Precision Nutrition System

Precision Nutrition System
Healthy Eating For Fat Loss

Friday, April 10, 2009

Prove Me Wrong

Why BMI Could Actually Discourage Training!

By Charles Staley, B.Sc, MSS
Director, Staley Training Systems


Author’s note: I wrote this when the BMI index began making the news. It struck me that the BMI actually discourages training— see if you agree.

Warning! Exercise Increases Your Risk of Weight-Related Health Problems

The BMI is designed to replace the old height/weight charts created by health insurance companies. But the question remains, what is the accuracy, not to mention, the utility, of the BMI?

What is BMI

You can calculate your BMI by dividing your weight in kilograms by your height in meters squared. (If you'd prefer to spare yourself the mathematical trauma, just head over to The Department of Health and Human Services at http://www.nhlbisupport.com/bmi/ (they have a BMI calculator which you can use to instantly calculate your supposed level of risk of overweight.)

An Interesting Test Case: Me

I recently did just that, and at 205 pounds and a height of 6'1", I landed a whopping BMI of 28— nearly obese by BMI standards.

According to the NIH, you'll need a BMI of 24 or less in order to qualify as having a "normal" weight. So I kept plugging in lower and lower bodyweights, finally going all the way down to 180 pounds to obtain a BMI of 24.

I wonder, what would the consequences of losing 25 pounds be for me? Of course, a fairly large portion of this weight would be muscle— If I make the assumption that I'm currently 15% bodyfat, that means I only have 30.75 pound of fat on my entire body. So, to lose 25 pounds without losing any muscle, I'd end up with less than 2% bodyfat, which is probably not enough to sustain life.

So, that means that the 25 pounds would be mostly muscle. Since a pound of muscle burns approximately 18 calories a day, my metabolic rate would be lowered by 450 calories a day.

Also, this dramatic loss of muscle would certainly profoundly reduce my strength levels. While I have more than enough strength to get through my daily activities, muscle mass and strength both gradually decline as we age.

So I always look at muscle like "money in the bank:" the more I have now,
the more I'll still have when I'm 60, 70, or 80 years of age. So the bottom line seems to be, if I choose to adhere to NIH's guidelines, my health and functional status will surely decline!

Conversely...

Another very important point to consider are the legions of people who will score very acceptable numbers using the BMI, but who in fact are overfat. Despite what many people think, it’s common to find people who appear to be of normal or even low bodyweight, who in fact are overfat, because they have such low levels of muscle mass.

Consider the research conducted by Dr. William Evans at Tufts University: Evans discovered that the as women age, in many cases their leg girth tended to remain constant, however, upon CAT scan analysis, it was found that the fat mass was increased, while the lean mass had decreased. In other words, their external appearance had not significantly changed, yet their bodyfat percentage had increased.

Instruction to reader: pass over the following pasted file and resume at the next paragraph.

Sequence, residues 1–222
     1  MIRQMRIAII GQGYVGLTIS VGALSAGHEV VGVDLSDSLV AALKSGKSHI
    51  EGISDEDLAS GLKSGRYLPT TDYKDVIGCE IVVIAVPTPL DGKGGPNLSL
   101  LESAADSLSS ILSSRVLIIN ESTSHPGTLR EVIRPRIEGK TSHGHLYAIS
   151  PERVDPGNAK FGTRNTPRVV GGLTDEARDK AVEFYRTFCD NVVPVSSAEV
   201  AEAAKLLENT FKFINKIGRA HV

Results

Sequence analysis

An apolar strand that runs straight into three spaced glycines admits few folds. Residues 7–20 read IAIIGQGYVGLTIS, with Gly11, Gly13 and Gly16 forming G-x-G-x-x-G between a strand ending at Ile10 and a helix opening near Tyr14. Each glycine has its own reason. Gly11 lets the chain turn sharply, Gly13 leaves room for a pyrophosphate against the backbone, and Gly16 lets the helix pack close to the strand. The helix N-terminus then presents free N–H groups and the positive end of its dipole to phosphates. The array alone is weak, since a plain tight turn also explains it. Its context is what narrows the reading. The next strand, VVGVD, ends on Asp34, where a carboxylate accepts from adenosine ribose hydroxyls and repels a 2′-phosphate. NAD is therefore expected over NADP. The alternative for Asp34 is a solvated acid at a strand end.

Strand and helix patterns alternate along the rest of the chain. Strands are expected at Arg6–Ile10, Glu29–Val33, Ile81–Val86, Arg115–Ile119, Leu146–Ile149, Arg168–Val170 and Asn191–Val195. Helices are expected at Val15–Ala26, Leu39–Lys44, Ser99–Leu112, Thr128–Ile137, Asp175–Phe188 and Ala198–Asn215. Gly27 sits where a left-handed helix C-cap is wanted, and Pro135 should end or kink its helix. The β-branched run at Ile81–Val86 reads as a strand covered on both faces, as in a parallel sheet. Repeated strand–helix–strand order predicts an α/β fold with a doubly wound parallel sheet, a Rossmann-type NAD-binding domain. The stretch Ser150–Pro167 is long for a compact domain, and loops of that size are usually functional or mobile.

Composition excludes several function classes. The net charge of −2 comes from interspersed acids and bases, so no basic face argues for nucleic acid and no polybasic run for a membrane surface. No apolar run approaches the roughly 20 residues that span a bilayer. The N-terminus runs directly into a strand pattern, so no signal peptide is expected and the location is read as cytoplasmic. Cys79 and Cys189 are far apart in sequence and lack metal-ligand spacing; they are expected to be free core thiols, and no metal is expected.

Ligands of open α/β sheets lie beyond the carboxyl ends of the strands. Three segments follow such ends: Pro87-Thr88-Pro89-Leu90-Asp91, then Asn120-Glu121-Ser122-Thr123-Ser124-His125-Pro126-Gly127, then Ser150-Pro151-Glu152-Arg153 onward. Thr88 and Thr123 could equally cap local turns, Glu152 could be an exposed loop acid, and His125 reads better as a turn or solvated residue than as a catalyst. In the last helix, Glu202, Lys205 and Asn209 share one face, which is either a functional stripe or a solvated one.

And Even Further...

Because muscle weighs more than fat, embarking on a rapid, unhealthy weight-loss scheme will reduce your BMI much more effectively than losing weight in a healthy and rational manner (the faster you lose weight, the more muscle you lose). So I would like to venture the proposition that the new BMI will encourage fad weight loss programs and starvation diets.

Is There a Better Alternative?

Yes. Have a reputable fitness professional measure your bodyfat percentage (call the International Sports Sciences Association at (800) 892-ISSA to find such a professional in your area). Over the past several years, there have been important new developments in bodyfat measurement techniques, and today, there are several options available. Various methods have varying degrees of accuracy, but if you always use the same method, you’ll have an accurate standard of reference.

In other words, you may not know your exact percentage of bodyfat, but you’ll know if your percentage is increasing or decreasing.

I don’t know why this is such a hard pill to swallow— it’s bodyfat, NOT bodyweight that determines your health and functional capacity. There will never be a height/weight chart, regardless of what anyone chooses to call it, which can predict optimal bodyweight, because such charts never take a person’s muscle mass into account.


About The Author

Charles Staley...world-class strength/performance coach...his colleagues call him an iconoclast, a visionary, a rule-breaker. His clients call him “The Secret Weapon” for his ability to see what other coaches miss. Charles calls himself a “geek” who struggled in Phys Ed throughout school. Whatever you call him, Charles’ methods are ahead of their time and quickly produce serious results.


2 comments:

Lori, aka The Janitor said...

I think that BMI can be an initial 'benchmark' but it can't be used as a total solution. Frankly, the reality is that if you look at yourself in the mirror naked, you'll see the reality, whether you want to or not. BMI is just one part of the total equation. As I am a gym rat, anyone who lifts a lot knows that their BMI will not be a true reflection of their body. Works for women starting out on their weight loss journey, mostly to show them how much fat they really are carrying.

Grounded Personal Training and Sports Performance said...

Lori, you are so right. If you lift weights BMI will not be a true reflection. Looking in the mirror is a hard one. Many who do this have a tough time seeing what is there, but it will give you a good idea of the direction you need to take.

Thanks for the comment